12 The proportion of Stevenson's dissenters compared with the distribution of hearths in society at large awaits a full analysis of the Hearth Tax. This is a major enterprise, currently being explored by the Department of History at The Roehampton Institute. For the purposes of this argument, the “very” poor have been taken to be those either exempt from the tax or paying on only one hearth. Stevenson, , “Economic and Social Status,” pp. 513Google Scholar. See, however, Arkell, Tom, “The incidence of poverty in England in the later seventeenth century,” Social History 12 (1987)CrossRefGoogle Scholar.

13 See “Introduction” to Spufford, The World of Rural Dissenters, p. 21. See also chs. 1, 2, 5, 8, and 9 by their respective authors.

14 Ibid., esp. Mrs. Nesta Evans, ch. 7 and appendices.

15 Henry French (Ph.D. Thesis, University of Cambridge, 1993) did not find the terminology “the middling sort” used in contemporary society in Essex and Suffolk.

16 For one example, take Chippenham, where the engrosser had done his village worst by 1700, and society was split into “coqs de village” and landless village laborers (Spufford, , Contrasting Communities, pp. 64-76 and 9092Google Scholar)

17 Spufford, Margaret, Small Books and Pleasant Histories (London, 1981), pp. 50, 177Google Scholar.

18 Spufford, Contrasting Communities, appendix I, “The Butlers of Orwell,” pp. 354-55, and 179-80, 197, 323-24, and illustration of Neville Butler witnessing his villager second-cousin's will, p. 198.

19 Watt, Tessa, Cheap Print, pp. 315-17Google Scholar.

20 Spufford, Margaret, “Peasant inheritance customs and land distribution in Cambridgeshire from the sixteenth to the eighteenth centuries,” in Family and Inheritance: Rural Society in Western Europe, 1200-1800, eds. Goody, Jack, Thirsk, Joan, and Thompson, E. P. (Cambridge, 1976), pp. 169-72, esp. table 3Google Scholar.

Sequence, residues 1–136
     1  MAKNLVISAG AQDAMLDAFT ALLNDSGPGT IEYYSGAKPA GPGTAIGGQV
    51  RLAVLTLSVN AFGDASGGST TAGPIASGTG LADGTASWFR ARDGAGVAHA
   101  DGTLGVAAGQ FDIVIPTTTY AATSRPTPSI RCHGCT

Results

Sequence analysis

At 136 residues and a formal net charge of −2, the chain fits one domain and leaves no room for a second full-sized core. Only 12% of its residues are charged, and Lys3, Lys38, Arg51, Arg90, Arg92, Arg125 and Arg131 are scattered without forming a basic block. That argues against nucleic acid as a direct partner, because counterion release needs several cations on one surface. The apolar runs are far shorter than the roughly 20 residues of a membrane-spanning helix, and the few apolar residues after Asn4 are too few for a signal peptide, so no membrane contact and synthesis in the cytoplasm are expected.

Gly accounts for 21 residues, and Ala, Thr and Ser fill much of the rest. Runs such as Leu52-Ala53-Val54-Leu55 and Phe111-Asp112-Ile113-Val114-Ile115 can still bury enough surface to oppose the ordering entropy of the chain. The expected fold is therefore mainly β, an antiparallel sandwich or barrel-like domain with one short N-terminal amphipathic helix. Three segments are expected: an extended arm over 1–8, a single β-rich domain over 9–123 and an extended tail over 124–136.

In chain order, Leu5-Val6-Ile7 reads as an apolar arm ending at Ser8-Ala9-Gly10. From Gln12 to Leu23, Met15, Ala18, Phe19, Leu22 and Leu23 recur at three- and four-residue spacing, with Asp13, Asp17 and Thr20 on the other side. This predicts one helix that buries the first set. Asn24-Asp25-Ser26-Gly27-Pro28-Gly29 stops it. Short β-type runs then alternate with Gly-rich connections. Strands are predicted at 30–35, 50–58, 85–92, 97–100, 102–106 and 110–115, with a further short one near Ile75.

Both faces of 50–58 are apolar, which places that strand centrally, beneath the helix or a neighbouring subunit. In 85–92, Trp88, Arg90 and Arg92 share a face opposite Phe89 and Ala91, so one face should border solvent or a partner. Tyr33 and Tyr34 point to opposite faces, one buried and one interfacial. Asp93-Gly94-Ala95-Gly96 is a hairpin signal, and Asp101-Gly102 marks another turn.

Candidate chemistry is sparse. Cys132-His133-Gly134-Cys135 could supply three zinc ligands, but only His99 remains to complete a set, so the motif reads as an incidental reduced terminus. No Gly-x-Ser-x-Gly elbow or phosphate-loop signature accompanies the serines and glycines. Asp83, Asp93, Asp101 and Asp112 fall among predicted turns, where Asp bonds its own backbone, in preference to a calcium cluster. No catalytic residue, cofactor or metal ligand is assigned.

21 Cressy, David, Coming Over: Migration and Communication between England and New England in the Seventeenth Century (Cambridge, 1987), pp. 287, 267-68, 270, 273Google Scholar.

22 Cressy, David, “Kinship and kin interaction in early modern England,” Past and Present 113 (1986): pp. 41, 42-43, 46-47, 50, 61, 6365CrossRefGoogle Scholar.

23 Wrightson, , Whickham, pp. 329-39Google Scholar.

24 Ibid., p. 330 and n. 122.

25 The reconstitution was carried out by Miss Glynis Reynolds.

26 For this spread, see Takahashi, Motoyasu, “The number of wills proved in the sixteenth and seventeenth centuries. Graphs, with tables and commentary,” in Martin, G. H. and Spufford, Peter, eds., The Records of the Nation (Woodbridge, 1990), pp. 209-11Google Scholar. The diocese of Ely was possibly unusual in having such a high proportion of wills made by the lower social groups, but this was to our advantage. Chippenham, unfortunately, lies in the Diocese of Norwich. The low proportion of wills made there may reflect either different diocesan habits or community tradition. It is most likely to reflect a lesser need to provide for underage heirs, however, since life expectancy there was more normal for the seventeenth century among adult males than in the Fens.

27 See below, pp. 395-99.

28 Spufford, , Contrasting Communities, pp. 245-48, 293, 302-04Google Scholar. Marsh, The Family of Love.

29 Wrightson, Keith, “Kinship in an English village: Terling, Essex, 1500-1700,” in Smith, Richard M., ed., Land, Kinship and Life-cycle (Cambridge, 1984), pp. 313-32Google Scholar, and Wrightson, , Whickham, pp 153-65Google Scholar.

30 See n. 12 above for a brief discussion of the methodology here.

31 Wrightson, , Whickham, p. 157Google Scholar.

32 The number of taxpayers in houses with three to five hearths argues there were householders who had lost land in the engrossing process living on in houses that had once reflected yeoman status. In the same way, the number of “husbandmen” with two hearths reflects the earlier number of half yardlanders and yardlanders with 15-40 acres who had been forced off the land between 1598 and 1636. They had obviously been able to build before the poor harvests and engrossing boom hit them (Spufford, Contrasting Communities, pp. 82-84, 90-92).